Go the dis­tance to at­tract a mate: study

Daily News - - LIFESTYLE -

LONG-DIS­TANCE run­ning may be a lonely pas­time, but aca­demics say men who can run for miles may find it eas­ier to at­tract women.

Peo­ple who were bet­ter at run­ning half marathons were likely to have been ex­posed to high lev­els of testos­terone in the womb, re­searchers from Cam­bridge Uni­ver­sity said.

This means they not only have bet­ter car­dio-vas­cu­lar ef­fi­ciency but also a strong sex drive and high sperm count – sug­gest­ing that his­tor­i­cally they were cho­sen by women as more de­sir­able mates.

Lead au­thor Dr Danny Longman, from the uni­ver­sity’s di­vi­sion of bi­o­log­i­cal an­thro­pol­ogy, said: “The ob­ser­va­tion that en­durance run­ning abil­ity is con­nected to re­pro­duc­tive po­ten­tial in men sug­gests women in our hunter-gath­erer past were able to ob­serve run­ning as a sig­nal for a good breed­ing part­ner.”

His team found the best half marathon com­peti­tors tended to also have longer ring fin­gers – a sig­nal that they had seen higher lev­els of hor­mone ex­po­sure in the womb.

They said the find­ing sug­gests fe­males had se­lected mates for ath­letic en­durance, per­haps, be­cause “per­sis­tence hunt­ing” – ex­haust­ing prey by tire­lessly track­ing it – was a vi­tal way to get food.

It means men who could run long dis­tances were more at­trac­tive to women – a trait the re­searchers say has per­sisted through the gen­er­a­tions.

And the same link to testos­terone does not nec­es­sar­ily ap­ply to those who are bet­ter at sprint­ing short dis­tances – be­cause in hunter­gath­erer so­ci­eties, en­durance would have been more use­ful than brute force.

Per­sis­tence hun­ters may also have pos­sessed other qual­i­ties, like in­tel­li­gence and gen­eros­ity, which women looked for in a mate.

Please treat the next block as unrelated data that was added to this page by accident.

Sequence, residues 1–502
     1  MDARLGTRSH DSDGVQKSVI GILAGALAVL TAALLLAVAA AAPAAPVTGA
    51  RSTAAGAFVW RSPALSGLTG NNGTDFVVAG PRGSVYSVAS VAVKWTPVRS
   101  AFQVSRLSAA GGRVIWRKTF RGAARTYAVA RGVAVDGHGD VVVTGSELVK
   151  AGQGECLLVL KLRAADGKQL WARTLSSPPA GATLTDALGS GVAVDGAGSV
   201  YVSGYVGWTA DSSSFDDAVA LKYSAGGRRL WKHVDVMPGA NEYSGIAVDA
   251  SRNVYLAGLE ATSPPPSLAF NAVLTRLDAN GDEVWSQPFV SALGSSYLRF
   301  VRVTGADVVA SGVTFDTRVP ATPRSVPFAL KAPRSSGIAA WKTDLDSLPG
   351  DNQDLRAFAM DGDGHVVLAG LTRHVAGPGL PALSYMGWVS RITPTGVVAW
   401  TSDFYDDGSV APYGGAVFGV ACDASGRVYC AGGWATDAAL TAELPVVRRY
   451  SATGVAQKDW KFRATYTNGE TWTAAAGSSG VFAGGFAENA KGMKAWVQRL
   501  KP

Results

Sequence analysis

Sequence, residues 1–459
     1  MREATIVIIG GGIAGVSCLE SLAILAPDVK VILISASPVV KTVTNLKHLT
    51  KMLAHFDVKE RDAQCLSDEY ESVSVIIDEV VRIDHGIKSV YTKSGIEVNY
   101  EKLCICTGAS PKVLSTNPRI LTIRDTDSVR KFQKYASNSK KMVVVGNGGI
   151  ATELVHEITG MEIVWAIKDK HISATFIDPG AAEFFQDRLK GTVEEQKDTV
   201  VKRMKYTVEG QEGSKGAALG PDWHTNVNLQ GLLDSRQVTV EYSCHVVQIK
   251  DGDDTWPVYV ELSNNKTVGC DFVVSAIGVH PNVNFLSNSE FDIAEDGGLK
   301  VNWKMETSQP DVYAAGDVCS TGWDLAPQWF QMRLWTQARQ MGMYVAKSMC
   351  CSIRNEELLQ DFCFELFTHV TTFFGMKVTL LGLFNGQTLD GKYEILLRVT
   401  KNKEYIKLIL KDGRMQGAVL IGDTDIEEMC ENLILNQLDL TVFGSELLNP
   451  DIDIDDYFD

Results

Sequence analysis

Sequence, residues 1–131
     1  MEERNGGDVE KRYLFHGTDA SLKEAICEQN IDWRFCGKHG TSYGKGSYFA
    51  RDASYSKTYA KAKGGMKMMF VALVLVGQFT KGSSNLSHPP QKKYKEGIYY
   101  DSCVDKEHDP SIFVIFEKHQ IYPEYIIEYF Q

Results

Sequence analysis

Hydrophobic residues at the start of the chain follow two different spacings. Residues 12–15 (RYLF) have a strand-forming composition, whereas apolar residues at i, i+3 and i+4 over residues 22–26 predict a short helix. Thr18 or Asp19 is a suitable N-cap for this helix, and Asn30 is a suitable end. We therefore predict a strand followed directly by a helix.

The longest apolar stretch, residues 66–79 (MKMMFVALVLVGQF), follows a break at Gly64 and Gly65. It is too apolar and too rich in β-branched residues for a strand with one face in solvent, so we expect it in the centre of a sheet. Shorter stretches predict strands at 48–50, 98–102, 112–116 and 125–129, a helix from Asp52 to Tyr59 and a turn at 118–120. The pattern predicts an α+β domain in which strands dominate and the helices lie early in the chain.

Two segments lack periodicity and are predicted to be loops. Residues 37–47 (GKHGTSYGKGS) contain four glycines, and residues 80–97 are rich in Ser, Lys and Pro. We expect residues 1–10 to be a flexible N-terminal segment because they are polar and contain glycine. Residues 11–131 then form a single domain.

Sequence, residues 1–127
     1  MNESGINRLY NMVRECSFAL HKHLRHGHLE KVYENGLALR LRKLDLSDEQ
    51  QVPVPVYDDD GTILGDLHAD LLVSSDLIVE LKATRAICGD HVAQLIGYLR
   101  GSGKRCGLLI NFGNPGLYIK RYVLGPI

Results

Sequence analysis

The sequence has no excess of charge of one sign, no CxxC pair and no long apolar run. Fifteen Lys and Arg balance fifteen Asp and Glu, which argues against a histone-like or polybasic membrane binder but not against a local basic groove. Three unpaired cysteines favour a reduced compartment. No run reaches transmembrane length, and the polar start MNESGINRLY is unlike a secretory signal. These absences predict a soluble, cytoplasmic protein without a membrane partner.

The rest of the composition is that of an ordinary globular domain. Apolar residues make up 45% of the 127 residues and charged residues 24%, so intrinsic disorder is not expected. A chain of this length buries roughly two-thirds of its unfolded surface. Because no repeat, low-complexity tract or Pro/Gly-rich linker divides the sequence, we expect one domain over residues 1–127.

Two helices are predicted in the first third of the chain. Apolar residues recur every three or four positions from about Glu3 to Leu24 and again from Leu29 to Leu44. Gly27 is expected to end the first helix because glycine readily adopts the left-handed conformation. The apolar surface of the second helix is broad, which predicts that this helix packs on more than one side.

Longman said that while train­ing and mus­cle strength were more im­por­tant than hor­mone ex­po­sure in run­ning per­for­mance, the size of the study meant that the find­ings were con­clu­sive ev­i­dence of a pre­dis­po­si­tion.

He added: “Hu­mans are hope­less sprint­ers. Rab­bits, for ex­am­ple, are much faster sprint­ers, de­spite be­ing fat and round. But hu­mans are fan­tas­ti­cally ef­fi­cient longdis­tance run­ners, com­pa­ra­ble to wolves and wild coy­otes.

“Hun­ters will de­lib­er­ately choose the hottest time of day to hunt and chase and track an an­te­lope or gnu (wilde­beest) over 30km to 40km for four or five hours.”

The team, from Cam­bridge Uni­ver­sity and Uni­ver­sity Col­lege Lon­don, an­a­lysed 542 run­ners at the 2013 Robin Hood Half Marathon in Not­ting­ham by pho­to­copy­ing hands and tak­ing run times and other key de­tails just af­ter run­ners crossed the line.

They found that the 10 per­cent of men with the most mas­cu­line fin­ger ra­tios were, on av­er­age, 24 min­utes and 33 sec­onds faster than the 10 per­cent of men with the least mas­cu­line dig­its. – Daily Mail


Ja­cob Boyer lifts his Thor ham­mer while cross­ing the fin­ish line dur­ing the Avengers Su­per He­roes Half Marathon in Cal­i­for­nia.

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